Digestion and Absorption
Digestion is the mechanical and chemical break down of food into small organic fragments . It is important to break down macromolecules into smaller fragments that are of suitable size for absorption across the digestive system. Large, complex molecules of proteins, polysaccharides, and lipids must be reduced to simpler particles before they can be absorbed by the digestive epithelial cells. Different organs play specific roles in the digestive process. The animal diet needs carbohydrates, protein, and fat, as well as vitamins and inorganic components for nutritional balance.
The digestion of carbohydrates begins in the mouth. The salivary enzyme amylase begins the breakdown of food starches into maltose, a disaccharide. As the food travels through the esophagus to the stomach, no significant digestion of carbohydrates takes place. The acidic environment in the stomach stops the action of the amylase enzyme.
The next step of carbohydrate digestion takes place in the duodenum. The chyme from the stomach enters the duodenum and mixes with the digestive secretions from the pancreas, liver, and gallbladder. Pancreatic juices also contain amylase, which continues the breakdown of starch and glycogen into maltose and other disaccharides. These disaccharides are then broken down into monosaccharides by enzymes called maltases, sucrases, and lactases. The monosaccharides produced are absorbed so that they can be used in metabolic pathways to harness energy. They are absorbed across the intestinal epithelium into the bloodstream to be transported to the different cells in the body .
A large part of protein digestion takes place in the stomach. The enzyme pepsin plays an important role in the digestion of proteins by breaking them down into peptides (short chains of four to nine amino acids). In the duodenum, other enzymes, trypsin, elastase, and chymotrypsin, act on the peptides, reducing them to smaller peptides. These enzymes are produced by the pancreas and released into the duodenum where they also act on the chyme. Further breakdown of peptides to single amino acids is aided by enzymes called peptidases (those that break down peptides). The amino acids are absorbed into the bloodstream through the small intestine .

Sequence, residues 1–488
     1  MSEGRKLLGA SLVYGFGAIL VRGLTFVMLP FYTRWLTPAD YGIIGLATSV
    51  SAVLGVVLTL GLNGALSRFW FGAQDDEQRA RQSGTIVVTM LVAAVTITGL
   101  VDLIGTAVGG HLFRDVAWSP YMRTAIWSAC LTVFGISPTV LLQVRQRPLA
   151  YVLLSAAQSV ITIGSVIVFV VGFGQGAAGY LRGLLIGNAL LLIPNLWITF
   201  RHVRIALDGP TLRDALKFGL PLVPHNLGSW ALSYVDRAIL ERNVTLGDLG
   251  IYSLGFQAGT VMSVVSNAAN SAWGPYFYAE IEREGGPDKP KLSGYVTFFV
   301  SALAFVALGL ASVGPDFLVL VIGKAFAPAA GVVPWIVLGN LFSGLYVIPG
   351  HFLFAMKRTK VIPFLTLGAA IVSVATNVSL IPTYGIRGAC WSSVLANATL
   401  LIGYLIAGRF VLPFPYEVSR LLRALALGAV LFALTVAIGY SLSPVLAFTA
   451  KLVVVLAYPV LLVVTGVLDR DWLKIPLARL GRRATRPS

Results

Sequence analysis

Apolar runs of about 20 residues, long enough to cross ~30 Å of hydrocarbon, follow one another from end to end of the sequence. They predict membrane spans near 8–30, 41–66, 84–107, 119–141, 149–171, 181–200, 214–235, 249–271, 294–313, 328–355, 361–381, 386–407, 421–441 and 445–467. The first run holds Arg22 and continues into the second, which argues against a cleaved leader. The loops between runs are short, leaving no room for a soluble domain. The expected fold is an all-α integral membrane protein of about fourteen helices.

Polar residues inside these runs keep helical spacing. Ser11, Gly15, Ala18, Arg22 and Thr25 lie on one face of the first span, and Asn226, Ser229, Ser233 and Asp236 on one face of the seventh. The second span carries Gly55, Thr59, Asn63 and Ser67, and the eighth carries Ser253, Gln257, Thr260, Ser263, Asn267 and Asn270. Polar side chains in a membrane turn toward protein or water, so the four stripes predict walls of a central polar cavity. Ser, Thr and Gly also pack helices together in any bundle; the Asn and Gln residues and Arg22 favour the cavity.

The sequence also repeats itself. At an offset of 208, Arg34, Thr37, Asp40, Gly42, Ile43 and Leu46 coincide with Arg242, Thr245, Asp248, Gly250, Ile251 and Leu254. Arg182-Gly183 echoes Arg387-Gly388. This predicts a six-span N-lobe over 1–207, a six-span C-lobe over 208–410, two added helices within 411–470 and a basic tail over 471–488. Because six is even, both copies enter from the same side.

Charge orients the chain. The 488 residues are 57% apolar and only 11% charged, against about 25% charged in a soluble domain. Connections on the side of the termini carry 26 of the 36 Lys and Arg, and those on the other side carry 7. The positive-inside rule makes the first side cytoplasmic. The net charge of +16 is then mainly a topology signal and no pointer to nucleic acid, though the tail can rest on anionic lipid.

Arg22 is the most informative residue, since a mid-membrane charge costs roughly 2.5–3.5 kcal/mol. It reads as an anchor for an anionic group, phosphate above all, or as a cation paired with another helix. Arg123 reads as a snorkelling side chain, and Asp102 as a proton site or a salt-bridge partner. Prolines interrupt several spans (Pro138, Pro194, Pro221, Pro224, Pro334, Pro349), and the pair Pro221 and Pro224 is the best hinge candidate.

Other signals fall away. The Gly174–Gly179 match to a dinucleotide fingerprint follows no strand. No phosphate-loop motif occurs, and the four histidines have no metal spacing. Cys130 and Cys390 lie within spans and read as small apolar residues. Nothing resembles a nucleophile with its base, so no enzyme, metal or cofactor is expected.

Lipid (fat) digestion begins in the stomach with the aid of lingual lipase and gastric lipase. However, the bulk of lipid digestion occurs in the small intestine due to pancreatic lipase. When chyme enters the duodenum, the hormonal responses trigger the release of bile, which is produced in the liver and stored in the gallbladder. Bile aids in the digestion of lipids, primarily triglycerides, by emulsification. Emulsification is a process in which large lipid globules are broken down into several small lipid globules. These small globules are widely distributed in the chyme rather than forming large aggregates. Lipids are hydrophobic substances. Bile contains bile salts, which have hydrophobic and hydrophilic sides. The bile salts' hydrophilic side can interface with water, while the hydrophobic side interfaces with lipids, thereby emulsifying large lipid globules into small lipid globules.
Emulsification is important for the digestion of lipids because lipases can only efficiently act on the lipids when they are broken into small aggregates. Lipases break down the lipids into fatty acids and glycerides. These molecules can pass through the plasma membrane of the cell, entering the epithelial cells of the intestinal lining. The bile salts surround long-chain fatty acids and monoglycerides, forming tiny spheres called micelles. The micelles move into the brush border of the small intestine absorptive cells where the long-chain fatty acids and monoglycerides diffuse out of the micelles into the absorptive cells, leaving the micelles behind in the chyme. The long-chain fatty acids and monoglycerides recombine in the absorptive cells to form triglycerides, which aggregate into globules, becoming coated with proteins. These large spheres are called chylomicrons. Chylomicrons contain triglycerides, cholesterol, and other lipids; they have proteins on their surface. The surface is also composed of the hydrophilic phosphate "heads" of phospholipids. Together, they enable the chylomicron to move in an aqueous environment without exposing the lipids to water. Chylomicrons leave the absorptive cells via exocytosis, entering the lymphatic vessels. From there, they enter the blood in the subclavian vein .
Vitamins can be either water-soluble or lipid-soluble. Fat-soluble vitamins are absorbed in the same manner as lipids. It is important to consume some amount of dietary lipid to aid the absorption of lipid-soluble vitamins. Water-soluble vitamins can be directly absorbed into the bloodstream from the intestine.